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Jazz Condition -- UPI Arts & Entertainment

By KEN FRANCKLING, United Press International   |   Oct. 8, 2002 at 4:35 PM
What's a young lion of jazz to do to stay creative after five or six years of excellent work with his young, talented quintet and to avoid falling into a rut as a performer and writer?

For trumpeter Nicholas Payton, the answer was simple, though not necessarily easy or painless. This year, he changed direction.

He'd been touring and recording with his steady band, featuring pianist Anthony Wonsey, drummer Adonis Rose, several different bassists and tenor saxophonist Tim Warfield. They had a musical glue that kept them together consistently.

Payton, 29, shifted gears, however, after last year's extensive tour with those players and several guest artists for his well-received, Grammy-nominated "Dear Louis" project honoring Louis Armstrong's centennial year and his prior small group recording "Nick @ Night," both on the Verve label. He's made six recordings so far as leader or co-leader.

With mixed emotions, he bade Wonsey and the bass chair a fond farewell and formed an organ quintet called Soul Patrol with Warfield, Rose, Larry Goldings on Hammond B-3 and Peter Bernstein on guitar. They began performing in late spring. Their August appearance with James Carter as special guest was a highlight of this year's JVC Newport, R.I., Jazz Festival.

"There were some things I was hearing, in composition and texturally in terms of my performance, that I felt organ and guitar would give me the sound that I needed, along with saxophone and drums that have been part of my quintet for many years now," Payton said.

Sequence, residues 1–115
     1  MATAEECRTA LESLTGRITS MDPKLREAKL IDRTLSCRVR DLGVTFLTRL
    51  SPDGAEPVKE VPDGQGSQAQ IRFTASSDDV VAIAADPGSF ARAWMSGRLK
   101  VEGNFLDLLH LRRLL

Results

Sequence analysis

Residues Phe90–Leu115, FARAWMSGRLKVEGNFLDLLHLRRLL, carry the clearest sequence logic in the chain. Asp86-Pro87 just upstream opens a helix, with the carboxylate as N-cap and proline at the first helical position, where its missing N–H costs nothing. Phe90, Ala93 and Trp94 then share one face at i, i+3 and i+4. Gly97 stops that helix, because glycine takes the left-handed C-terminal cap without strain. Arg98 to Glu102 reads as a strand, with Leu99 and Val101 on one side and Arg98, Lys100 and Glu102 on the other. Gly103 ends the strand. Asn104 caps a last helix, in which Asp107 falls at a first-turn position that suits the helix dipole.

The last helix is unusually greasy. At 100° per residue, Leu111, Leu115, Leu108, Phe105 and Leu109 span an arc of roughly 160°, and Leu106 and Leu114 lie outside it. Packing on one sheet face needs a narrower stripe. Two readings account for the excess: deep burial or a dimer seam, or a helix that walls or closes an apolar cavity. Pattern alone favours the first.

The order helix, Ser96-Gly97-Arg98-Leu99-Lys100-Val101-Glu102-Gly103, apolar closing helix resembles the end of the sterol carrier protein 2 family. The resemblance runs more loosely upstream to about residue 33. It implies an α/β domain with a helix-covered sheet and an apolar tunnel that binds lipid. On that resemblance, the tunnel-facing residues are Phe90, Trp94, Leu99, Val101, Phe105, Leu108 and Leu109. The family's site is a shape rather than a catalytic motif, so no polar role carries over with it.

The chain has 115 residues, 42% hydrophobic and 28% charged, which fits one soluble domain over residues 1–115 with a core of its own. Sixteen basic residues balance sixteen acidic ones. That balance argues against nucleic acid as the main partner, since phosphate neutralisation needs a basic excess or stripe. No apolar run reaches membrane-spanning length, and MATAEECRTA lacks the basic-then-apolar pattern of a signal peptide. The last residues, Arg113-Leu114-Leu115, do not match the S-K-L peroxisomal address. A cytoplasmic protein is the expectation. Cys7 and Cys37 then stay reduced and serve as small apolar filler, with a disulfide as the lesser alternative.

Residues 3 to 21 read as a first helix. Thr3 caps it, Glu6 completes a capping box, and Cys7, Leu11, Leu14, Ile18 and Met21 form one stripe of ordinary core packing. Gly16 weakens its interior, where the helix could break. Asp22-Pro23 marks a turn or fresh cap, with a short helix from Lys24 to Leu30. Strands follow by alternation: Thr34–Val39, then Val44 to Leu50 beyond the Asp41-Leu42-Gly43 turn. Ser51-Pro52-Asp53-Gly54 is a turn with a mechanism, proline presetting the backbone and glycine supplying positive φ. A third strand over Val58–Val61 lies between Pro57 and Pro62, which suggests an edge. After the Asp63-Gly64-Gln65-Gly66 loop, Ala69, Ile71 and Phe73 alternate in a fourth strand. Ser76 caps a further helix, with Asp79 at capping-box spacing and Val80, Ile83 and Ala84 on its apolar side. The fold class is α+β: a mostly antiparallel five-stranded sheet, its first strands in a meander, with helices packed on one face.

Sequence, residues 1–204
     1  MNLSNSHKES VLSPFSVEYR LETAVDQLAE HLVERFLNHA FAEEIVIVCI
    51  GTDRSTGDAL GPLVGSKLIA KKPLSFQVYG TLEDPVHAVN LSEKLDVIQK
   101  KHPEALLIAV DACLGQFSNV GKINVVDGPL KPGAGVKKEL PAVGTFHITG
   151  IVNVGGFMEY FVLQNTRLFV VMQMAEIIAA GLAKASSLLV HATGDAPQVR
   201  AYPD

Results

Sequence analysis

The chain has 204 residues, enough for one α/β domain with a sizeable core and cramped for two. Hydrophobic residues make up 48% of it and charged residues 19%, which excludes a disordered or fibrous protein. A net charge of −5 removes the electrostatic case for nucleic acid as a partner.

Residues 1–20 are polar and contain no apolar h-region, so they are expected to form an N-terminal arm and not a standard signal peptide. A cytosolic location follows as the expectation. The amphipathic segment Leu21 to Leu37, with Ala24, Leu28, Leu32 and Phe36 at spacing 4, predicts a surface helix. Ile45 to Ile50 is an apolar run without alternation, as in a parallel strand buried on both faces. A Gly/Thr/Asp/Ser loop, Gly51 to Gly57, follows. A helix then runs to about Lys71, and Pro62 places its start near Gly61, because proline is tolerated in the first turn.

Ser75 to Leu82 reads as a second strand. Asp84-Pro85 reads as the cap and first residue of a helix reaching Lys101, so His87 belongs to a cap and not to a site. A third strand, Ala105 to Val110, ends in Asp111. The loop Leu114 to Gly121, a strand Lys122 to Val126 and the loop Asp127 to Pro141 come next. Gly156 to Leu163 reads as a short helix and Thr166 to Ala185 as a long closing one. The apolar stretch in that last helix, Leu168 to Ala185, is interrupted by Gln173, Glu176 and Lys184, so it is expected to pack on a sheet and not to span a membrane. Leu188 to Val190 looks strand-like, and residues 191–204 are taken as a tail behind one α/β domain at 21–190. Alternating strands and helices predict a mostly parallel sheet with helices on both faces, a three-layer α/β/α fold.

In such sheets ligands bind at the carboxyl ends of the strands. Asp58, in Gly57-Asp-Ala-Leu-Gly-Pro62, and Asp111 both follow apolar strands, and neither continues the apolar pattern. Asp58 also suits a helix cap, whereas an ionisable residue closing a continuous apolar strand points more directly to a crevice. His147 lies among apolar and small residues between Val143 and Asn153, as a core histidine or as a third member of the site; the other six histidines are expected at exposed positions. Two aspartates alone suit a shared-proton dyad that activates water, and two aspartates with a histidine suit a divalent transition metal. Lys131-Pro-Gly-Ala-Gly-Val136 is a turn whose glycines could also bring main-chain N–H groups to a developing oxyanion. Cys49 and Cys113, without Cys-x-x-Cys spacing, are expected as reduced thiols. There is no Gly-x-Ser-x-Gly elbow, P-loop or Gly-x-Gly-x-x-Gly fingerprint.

"Though I love the cats I had before, this has really re-energized me, especially dealing with guys like Larry Goldings and Peter Bernstein. So I am writing again and trying to fit their voices. I really look forward to growing and developing with these guys. I thought I needed a change. The bass and piano weren't going to take me where I was going."

It marks a clear evolution for the artist, without diminishing the music that brought him to this point. In that regard, it's much like saxophonist Joshua Redman's recent formation of his new Elastic Band organ trio with drummer Brian Blade and keyboard wiz Sam Yahel.

"It is an extension. I wouldn't be here without the success of the original quintet," Payton said. I'm taking it from that point and trying to extend it well beyond."

Goldstein and Bernstein are frequent collaborators, often as two-thirds of Goldings' organ trio with drummer Bill Stewart.

"They have a deep connection that goes back many years," Payton said. "Peter Bernstein worked previously with me with another organist, Melvin Rhyne, who was on my "Dear Louis" centennial album.

In addition to touring frequently as part of the featured horn section in drummer Roy Haynes' "Birds of a Feather" band touring and performing in tribute to Charlie Parker, Payton will play selected dates this fall with his own new band.

Those performances include a San Francisco Jazz Festival concert on Oct. 23, the Neurosciences Institute in La Jolla, Calif., on Oct. 24, the Orange County Performing Arts Center in Costa Mesa, Calif., on Oct. 25, Scullers jazz club in Boston on Oct. 31 and Nov. 1, and Cheney Hall in Manchester, Conn., on Nov. 23.

He plans to take Soul Patrol into the studio by winter and bring in "lots of special guests, like a house party."

Payton presses forward with his own spirit and inspirations, much as fellow New Orleans native Armstrong did so many years ago, enduring challenges, fame and changing times along the way.

"As a musician, I feel fortunate to bring joy to some people's lives," Payton said. "I think music is a great source of comfort and relief."

© 2002 United Press International, Inc. All Rights Reserved. Any reproduction, republication, redistribution and/or modification of any UPI content is expressly prohibited without UPI's prior written consent.
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